Schiff has an op-ed in the WSJ today here:
in which he says
Even those economists worried about renewed price dips would be unlikely to believe that the vicious contractions of 2007 and 2008 (where prices fell about 30% nationally in just two years) could return. But they underestimate how distorted the market had become and how little it has since normalized.
By all accounts, the home price boom that began in January 1998, when the previous 1989 peak was finally surpassed, and topped out in June 2006 was extraordinary. The 173% gain in the Case-Shiller 10-City Index (the only monthly data metric that predates the year 2000) in those nine years averaged an eye-popping 19.2% per year. As we know now, those gains had very little to do with market fundamentals, and everything to do with distortionary government policies that mandated loans to marginal borrowers, and set off a national mania for real-estate wealth and a torrent of temporarily easy credit.
Schiff foresees a 20%-30% further decline in home prices.
From my perspective, homes are still overvalued not just because of these long-term price trends, but from a sober analysis of the current economy. The country is overly indebted, savings-depleted and underemployed. Without government guarantees no private lenders would be active in the mortgage market, and without ridiculously low interest rates from the Federal Reserve any available credit would cost home buyers much more. These are not conditions that inspire confidence for a recovery in prices.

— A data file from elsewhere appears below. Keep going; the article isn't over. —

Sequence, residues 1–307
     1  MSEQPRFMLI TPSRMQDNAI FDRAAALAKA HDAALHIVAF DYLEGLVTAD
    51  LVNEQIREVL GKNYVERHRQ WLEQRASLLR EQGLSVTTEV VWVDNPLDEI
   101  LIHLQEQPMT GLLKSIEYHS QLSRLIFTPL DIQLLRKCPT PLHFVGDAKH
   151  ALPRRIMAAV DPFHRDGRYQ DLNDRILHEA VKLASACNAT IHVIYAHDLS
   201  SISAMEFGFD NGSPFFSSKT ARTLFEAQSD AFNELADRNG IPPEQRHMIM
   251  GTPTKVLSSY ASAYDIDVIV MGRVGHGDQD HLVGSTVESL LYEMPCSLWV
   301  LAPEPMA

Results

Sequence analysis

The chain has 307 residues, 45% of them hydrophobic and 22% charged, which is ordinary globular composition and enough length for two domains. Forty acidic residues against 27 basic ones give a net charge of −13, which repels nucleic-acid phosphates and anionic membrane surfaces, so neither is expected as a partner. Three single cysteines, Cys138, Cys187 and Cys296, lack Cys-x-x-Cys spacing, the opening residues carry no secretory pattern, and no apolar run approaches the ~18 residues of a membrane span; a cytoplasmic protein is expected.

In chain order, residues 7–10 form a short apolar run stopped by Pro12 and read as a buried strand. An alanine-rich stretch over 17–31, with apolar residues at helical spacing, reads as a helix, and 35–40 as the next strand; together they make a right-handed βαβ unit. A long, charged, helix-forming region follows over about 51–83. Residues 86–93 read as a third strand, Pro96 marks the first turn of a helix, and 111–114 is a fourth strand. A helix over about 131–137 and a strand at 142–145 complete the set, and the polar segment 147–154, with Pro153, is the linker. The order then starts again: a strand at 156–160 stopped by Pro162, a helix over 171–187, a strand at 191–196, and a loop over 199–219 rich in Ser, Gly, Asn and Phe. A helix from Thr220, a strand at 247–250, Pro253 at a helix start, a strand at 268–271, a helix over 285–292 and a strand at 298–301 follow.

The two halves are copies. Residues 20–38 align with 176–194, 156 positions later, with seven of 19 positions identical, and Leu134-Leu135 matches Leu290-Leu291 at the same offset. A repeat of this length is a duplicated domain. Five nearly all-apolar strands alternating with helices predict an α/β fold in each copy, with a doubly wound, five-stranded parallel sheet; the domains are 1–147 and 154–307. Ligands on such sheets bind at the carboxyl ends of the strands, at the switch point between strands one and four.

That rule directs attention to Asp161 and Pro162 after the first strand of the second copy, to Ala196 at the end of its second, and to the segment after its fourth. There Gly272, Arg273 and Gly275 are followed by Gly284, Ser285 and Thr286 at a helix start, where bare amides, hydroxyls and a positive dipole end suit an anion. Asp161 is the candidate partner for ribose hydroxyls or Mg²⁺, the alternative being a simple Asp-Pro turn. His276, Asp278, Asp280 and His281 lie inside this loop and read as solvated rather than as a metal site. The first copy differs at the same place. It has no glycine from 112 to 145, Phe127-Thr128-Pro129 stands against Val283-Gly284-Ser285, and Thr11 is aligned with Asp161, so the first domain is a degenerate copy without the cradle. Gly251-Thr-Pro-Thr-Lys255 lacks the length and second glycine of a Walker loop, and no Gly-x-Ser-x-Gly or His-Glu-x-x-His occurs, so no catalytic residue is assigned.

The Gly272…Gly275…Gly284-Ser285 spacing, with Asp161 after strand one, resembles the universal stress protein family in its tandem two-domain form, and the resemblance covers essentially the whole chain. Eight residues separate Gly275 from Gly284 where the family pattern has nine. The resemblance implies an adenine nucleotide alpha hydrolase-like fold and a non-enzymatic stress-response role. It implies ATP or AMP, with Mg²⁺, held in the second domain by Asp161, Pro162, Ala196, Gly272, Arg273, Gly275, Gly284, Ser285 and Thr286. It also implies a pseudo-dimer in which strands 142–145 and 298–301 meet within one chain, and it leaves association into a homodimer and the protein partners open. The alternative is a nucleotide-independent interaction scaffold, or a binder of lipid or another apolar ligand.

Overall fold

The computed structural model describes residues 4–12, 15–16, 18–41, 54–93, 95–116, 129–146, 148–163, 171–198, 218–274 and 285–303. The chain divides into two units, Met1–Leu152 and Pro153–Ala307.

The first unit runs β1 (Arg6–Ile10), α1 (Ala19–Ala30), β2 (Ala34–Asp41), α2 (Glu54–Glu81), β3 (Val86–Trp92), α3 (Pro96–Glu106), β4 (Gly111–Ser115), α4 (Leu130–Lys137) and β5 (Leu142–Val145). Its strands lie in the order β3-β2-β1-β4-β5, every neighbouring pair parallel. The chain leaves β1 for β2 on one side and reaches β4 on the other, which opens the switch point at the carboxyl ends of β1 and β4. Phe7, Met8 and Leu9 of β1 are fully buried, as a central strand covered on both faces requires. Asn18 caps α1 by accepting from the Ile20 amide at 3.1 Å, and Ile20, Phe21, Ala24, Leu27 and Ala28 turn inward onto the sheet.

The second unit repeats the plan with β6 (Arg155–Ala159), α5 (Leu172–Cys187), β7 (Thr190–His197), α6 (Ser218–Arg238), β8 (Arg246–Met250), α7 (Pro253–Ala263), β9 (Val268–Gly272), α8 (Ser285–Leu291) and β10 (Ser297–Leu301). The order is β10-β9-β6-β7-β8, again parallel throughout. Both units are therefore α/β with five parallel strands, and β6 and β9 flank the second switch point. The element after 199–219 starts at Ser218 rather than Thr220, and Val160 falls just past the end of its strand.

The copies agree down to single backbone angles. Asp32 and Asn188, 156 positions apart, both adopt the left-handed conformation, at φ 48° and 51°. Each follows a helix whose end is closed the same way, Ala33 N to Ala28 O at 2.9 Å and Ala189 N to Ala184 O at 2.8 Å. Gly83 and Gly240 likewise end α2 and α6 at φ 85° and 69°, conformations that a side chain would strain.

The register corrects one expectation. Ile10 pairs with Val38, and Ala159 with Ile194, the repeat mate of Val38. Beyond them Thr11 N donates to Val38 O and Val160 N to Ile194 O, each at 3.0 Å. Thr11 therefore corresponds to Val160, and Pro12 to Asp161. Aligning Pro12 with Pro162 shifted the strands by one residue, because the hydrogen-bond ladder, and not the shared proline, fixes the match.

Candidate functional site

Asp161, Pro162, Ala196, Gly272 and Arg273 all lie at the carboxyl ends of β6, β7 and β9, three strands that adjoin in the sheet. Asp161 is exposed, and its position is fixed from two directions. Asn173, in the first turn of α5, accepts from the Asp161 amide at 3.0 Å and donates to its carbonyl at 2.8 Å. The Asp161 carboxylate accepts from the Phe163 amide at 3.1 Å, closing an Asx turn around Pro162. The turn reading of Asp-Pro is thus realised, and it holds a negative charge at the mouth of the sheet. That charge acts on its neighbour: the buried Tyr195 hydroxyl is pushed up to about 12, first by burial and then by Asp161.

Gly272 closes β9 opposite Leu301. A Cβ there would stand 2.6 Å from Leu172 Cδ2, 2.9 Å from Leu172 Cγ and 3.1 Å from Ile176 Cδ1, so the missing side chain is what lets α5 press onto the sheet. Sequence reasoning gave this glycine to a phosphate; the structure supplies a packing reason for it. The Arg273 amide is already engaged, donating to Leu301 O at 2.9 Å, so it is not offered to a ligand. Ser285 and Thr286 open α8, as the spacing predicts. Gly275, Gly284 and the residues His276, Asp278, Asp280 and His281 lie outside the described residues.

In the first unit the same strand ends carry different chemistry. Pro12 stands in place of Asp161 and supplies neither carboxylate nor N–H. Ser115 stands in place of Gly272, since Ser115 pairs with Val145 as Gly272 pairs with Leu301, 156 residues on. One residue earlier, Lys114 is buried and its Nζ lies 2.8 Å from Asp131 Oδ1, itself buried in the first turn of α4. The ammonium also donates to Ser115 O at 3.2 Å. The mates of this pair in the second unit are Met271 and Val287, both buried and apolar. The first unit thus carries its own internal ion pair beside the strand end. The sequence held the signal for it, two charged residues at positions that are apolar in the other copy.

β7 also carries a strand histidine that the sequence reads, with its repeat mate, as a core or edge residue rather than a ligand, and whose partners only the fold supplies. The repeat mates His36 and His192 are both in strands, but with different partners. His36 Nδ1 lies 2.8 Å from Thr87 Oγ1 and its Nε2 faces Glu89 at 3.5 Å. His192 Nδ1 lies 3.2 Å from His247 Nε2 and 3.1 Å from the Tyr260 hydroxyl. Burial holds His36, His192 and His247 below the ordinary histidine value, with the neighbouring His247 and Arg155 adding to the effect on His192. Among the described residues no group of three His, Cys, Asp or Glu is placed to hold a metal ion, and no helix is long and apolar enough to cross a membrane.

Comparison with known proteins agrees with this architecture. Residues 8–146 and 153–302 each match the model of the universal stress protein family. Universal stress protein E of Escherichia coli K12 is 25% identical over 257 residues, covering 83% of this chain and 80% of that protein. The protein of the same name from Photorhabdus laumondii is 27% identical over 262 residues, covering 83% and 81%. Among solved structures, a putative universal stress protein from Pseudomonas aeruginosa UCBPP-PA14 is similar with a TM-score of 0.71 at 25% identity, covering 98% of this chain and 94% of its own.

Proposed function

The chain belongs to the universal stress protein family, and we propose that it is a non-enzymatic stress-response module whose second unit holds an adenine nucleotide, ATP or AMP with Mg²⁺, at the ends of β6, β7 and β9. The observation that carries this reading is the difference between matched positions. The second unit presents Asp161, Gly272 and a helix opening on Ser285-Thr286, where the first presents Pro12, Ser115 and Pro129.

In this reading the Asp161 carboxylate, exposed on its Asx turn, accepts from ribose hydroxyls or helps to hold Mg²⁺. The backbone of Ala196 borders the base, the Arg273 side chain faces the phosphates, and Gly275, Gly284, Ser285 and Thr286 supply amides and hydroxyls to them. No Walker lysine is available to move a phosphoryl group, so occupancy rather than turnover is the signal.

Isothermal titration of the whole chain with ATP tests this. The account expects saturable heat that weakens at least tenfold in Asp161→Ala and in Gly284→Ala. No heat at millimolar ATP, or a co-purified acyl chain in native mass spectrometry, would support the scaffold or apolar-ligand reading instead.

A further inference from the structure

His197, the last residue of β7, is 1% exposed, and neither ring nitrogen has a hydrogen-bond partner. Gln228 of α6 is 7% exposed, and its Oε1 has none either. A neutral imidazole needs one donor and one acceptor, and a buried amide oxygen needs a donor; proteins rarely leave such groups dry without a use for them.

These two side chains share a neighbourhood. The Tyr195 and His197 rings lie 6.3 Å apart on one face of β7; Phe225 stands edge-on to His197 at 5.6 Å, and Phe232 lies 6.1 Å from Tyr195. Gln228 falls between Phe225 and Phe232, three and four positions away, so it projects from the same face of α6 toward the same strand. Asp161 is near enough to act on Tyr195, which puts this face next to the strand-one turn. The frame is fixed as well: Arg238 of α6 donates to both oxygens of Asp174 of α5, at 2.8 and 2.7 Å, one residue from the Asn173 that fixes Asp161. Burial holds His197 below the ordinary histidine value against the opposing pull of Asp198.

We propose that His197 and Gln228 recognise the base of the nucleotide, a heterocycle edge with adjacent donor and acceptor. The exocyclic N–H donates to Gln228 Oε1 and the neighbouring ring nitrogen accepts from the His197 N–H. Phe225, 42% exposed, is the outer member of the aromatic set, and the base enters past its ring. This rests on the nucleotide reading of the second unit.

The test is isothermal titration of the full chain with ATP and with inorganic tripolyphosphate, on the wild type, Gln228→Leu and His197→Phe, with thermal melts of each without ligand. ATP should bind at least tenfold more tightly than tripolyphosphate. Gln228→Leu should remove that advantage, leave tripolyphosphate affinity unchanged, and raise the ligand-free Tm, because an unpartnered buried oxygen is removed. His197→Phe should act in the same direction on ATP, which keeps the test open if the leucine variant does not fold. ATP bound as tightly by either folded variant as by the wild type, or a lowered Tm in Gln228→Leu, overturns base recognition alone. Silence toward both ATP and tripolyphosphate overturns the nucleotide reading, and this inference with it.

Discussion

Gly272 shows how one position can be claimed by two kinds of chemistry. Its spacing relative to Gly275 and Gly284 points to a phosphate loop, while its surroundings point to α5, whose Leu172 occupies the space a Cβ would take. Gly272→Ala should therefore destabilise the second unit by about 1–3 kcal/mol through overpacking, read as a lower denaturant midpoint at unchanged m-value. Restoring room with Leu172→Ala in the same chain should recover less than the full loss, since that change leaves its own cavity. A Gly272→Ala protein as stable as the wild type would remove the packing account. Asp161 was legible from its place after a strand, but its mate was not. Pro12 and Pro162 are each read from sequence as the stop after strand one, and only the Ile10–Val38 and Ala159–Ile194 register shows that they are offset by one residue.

In trying to maintain artificial prices, government policies are keeping new buyers from entering the market, exposing taxpayers to untold trillions in liabilities and delaying a real recovery. We should recognize this reality and not pin our hopes on a return to price normalcy that never was that normal to begin with.
What I’d like to understand, given how obvious all Schiff’s points are, is how is it even possible for the government to “prop up” housing prices any more? I think it is because many home buyers don’t care much about reselling, they plan to stay in the house and pay off the mortgage and they can afford the payments because of the low rates. But anyone who gets anything other than a fixed-rate level pay mortgage is an idiot in this market, because a floating-rate mortgage or a balloon mortgage will become unpayable in a few years.
This explanation doesn’t work for the commercial real estate market, so I predict it will collapse first.
I still get bombarded with mail solicitiations to refinance or to borrow money against my house, though I only get a couple of these a week while at the height of the bubble a few years ago there would be 1 or 2 every day. I’ve already got a HELOC for as much as I could conceivably want to borrow, which is a lot less than the value of my house (even after applying Schiff’s 30% correction). But the machine that inflated the bubble is still operating.